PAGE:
State Committee Advises Against Basic Health Plan for Working Class
An Oregon Health Authority committee has thrown cold water on the idea of a Basic Health Plan for residents who earn less than 200 percent of the federal poverty level but don’t qualify for Medicaid.
Dr. Janet Patin, a Reedsport physician and the co-chairwoman of the Medicaid Advisory Committee, told the Oregon Health Policy Board on Tuesday that her group had reviewed solutions to the problem of a disruption of care or “churn” for people who earn too much for the Oregon Health Plan. The committee ultimately decided against the Basic Health Plan and a separate concept -- a “Bridge Plan” that would keep former coordinated care organization members in their networks with a CCO-sponsored qualified health plan.
“The Basic Health Plan and the bridge plan are not financially viable,” said Matin. “It creates too many transition points at either end.”
The Medicaid Advisory Committee report notes that the Basic Health Plan could negatively impact the remaining Cover Oregon marketplace by reducing the number of people in the risk pool. It could also hurt medical providers who are typically paid less by state programs than private insurance companies, though many CCOs, which share risks and rewards between a managed care plan and providers, have worked to close that gap.
Instead, the committee said the state should set aside money to subsidize the remaining Cover Oregon premiums that this population might pay and/or provide wraparound funds to ensure that someone who loses coverage can proceed with an existing course of treatment or surgery, while pointing out that such funding was “aspirational.”
The Basic Health Plan has been promoted by healthcare advocates as a means of bridging a gap in affordability and quality of coverage for working-class residents who have little in the way of discretionary income. It could work in many ways as an extension of the Oregon Health Plan for people earning between 138 and 200 percent of the poverty line -- $23,000 for a single person or $48,000 for a family of four.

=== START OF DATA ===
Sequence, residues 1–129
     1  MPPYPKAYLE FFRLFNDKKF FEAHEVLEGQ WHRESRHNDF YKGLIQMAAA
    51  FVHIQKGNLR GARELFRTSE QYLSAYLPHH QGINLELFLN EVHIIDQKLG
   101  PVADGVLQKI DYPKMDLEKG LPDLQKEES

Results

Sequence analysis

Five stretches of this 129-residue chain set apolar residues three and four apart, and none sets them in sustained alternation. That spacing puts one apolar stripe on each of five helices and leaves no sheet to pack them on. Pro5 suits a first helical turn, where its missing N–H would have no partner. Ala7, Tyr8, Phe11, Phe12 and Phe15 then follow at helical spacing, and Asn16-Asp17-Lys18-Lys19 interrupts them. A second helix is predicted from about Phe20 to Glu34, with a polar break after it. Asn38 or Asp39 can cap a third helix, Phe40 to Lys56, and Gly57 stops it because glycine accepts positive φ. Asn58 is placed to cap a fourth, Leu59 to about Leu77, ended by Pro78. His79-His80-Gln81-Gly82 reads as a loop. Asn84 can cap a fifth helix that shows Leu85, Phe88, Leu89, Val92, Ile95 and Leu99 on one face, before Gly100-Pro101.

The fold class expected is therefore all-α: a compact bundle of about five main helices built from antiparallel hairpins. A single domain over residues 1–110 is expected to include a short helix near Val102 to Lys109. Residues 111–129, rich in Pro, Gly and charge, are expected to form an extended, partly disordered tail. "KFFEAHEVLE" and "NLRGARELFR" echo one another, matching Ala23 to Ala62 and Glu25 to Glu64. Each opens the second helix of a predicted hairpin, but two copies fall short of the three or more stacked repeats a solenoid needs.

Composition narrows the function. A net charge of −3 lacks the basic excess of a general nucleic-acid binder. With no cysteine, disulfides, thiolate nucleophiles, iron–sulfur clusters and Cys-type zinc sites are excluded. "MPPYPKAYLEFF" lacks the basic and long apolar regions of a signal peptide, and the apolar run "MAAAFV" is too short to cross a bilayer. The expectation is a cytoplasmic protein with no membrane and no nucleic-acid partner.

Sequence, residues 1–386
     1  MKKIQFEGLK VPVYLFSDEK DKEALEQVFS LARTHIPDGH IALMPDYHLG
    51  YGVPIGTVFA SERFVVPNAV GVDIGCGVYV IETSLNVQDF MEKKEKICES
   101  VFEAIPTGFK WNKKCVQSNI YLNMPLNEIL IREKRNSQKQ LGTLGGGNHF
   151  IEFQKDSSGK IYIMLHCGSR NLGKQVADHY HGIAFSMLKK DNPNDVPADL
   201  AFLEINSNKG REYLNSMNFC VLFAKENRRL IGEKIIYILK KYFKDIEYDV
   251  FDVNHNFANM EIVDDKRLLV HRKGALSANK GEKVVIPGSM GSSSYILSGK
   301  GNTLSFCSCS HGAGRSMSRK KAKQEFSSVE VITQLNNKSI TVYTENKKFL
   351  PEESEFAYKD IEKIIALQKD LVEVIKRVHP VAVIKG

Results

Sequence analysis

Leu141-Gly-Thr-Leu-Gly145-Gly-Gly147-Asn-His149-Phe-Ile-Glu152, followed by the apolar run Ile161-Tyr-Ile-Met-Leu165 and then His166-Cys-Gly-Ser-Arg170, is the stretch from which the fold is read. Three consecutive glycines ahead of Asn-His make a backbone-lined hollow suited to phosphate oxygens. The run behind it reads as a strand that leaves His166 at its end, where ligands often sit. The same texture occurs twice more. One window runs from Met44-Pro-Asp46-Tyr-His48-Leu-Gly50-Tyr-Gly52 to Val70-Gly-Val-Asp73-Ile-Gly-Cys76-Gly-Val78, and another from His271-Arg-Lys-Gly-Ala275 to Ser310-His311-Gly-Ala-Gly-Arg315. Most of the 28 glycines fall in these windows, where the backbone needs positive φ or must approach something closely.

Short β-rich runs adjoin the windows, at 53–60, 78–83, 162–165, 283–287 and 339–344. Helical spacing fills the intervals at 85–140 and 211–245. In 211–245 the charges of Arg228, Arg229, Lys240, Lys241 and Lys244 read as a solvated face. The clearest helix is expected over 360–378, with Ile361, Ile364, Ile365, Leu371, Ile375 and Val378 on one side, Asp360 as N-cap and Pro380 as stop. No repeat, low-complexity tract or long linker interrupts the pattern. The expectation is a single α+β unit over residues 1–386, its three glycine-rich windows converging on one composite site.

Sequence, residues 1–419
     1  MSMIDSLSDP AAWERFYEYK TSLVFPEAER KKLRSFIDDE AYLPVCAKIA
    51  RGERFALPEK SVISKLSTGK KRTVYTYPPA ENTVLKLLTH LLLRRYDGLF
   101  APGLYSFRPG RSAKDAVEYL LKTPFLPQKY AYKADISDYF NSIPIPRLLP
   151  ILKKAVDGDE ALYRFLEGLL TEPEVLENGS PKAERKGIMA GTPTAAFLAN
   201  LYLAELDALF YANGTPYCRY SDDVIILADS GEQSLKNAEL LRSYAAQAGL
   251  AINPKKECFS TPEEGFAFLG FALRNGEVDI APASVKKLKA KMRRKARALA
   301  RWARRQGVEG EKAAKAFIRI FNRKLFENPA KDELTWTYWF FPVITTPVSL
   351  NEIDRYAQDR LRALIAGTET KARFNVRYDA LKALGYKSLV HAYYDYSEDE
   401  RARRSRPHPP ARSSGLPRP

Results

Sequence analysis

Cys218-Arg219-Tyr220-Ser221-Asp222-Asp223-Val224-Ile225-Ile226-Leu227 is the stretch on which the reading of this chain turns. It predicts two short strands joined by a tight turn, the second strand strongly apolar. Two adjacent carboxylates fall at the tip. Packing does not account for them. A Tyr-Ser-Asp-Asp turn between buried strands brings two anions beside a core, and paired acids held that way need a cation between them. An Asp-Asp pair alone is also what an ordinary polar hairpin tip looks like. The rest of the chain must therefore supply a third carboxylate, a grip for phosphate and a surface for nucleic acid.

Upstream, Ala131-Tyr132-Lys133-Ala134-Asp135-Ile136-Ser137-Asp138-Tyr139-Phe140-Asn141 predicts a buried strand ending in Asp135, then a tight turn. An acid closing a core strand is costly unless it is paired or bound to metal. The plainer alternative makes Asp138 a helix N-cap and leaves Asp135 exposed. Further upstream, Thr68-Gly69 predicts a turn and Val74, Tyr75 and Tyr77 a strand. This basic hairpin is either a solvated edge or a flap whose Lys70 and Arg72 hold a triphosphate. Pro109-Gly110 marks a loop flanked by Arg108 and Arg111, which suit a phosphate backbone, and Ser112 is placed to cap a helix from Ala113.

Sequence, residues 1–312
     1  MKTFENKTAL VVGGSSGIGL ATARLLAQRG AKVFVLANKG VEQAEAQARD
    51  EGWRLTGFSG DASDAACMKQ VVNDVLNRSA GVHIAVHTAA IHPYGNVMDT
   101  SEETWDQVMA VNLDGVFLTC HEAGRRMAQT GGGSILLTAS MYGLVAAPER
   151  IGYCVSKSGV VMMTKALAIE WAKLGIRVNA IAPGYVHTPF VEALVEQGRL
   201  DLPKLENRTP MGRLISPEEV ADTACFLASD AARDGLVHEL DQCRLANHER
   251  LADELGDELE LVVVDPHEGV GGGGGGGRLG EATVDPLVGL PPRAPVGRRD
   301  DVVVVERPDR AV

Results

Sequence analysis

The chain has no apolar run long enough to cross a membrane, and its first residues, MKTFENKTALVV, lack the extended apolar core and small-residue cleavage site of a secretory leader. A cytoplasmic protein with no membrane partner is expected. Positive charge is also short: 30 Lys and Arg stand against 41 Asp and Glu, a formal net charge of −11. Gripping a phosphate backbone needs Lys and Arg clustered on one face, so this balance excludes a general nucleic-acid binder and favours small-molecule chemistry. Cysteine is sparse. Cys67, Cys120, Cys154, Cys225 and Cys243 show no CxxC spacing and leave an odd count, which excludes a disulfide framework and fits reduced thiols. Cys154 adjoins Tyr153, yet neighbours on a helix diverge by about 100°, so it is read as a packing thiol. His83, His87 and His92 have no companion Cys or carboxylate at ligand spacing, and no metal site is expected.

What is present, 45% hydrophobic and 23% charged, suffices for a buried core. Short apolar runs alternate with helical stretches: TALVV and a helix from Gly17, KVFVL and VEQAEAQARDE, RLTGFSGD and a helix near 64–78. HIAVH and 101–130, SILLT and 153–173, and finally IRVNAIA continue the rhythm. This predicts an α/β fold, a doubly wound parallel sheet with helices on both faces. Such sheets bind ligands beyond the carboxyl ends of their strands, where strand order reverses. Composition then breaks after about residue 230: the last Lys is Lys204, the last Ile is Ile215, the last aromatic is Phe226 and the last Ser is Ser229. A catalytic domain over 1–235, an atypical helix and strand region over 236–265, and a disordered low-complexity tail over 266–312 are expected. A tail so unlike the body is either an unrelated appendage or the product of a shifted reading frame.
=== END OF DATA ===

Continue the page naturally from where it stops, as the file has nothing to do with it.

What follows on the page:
The new plan would be funded by using the money currently given to private insurance companies for subsidized coverage and would likely be administered by the CCOs. The concept is modeled after a defunct program in Washington state and is available to all states through the Affordable Care Act. Thus far, it has only been implemented in Minnesota.
Despite the negative assessment by the Medicaid Advisory Committee, the Basic Health Plan has its supporters on the policy board. “The Basic Health Plan to me sounds like a really rational approach,” said Brian DeVore, director of state health policy at Intel.
John Mullin of the Oregon Law Center, which advocates for low-income people, said it was like the left hand of the state didn’t know what the right hand was doing. A separate, more detailed study of the plan was ordered by the Legislature, and Wakely Consulting Group is planning to release its findings this fall.
House Bill 4190, sponsored by Rep. Mitch Greenlick, D-Portland, allocated $70,000 for that study.
“We ought to wait for what the study actually says before we make any conclusions,” Mullin told The Lund Report. He understands that the Medicaid Advisory Committee had a slightly different focus -- how to reduce disruption in care when people come off Medicaid, while the Basic Health Plan would cover some people, such as immigrants, who are shut out completely right now.
Mullin said as many as 7,000 legal immigrants who remain uninsured could get care under the Basic Health Plan.
It would also remove affordability obstacles for people who never qualified for Medicaid and currently qualify for subsidized private insurance on Cover Oregon.
The committee recommendation didn’t provide too many serious downsides for consumers -- its chief complaint was that they would lose their choice of a Cover Oregon plan. But these plans are generally less comprehensive than the Oregon Health Plan and carry costs for the consumer, including deductibles, premiums and copayments, that don’t exist with Medicaid and are likely higher than what might exist for a Basic Health Plan.
Additionally, while the Oregon Health Plan includes comprehensive dental care, the exchange sells dental plans separately, and most consumers have chosen to roll the dice on dental health rather than put money toward a second plan. The exchange has enrolled 97,000 people in medical plans but only 19,000 in dental plans.
Chris can be reached at [email protected].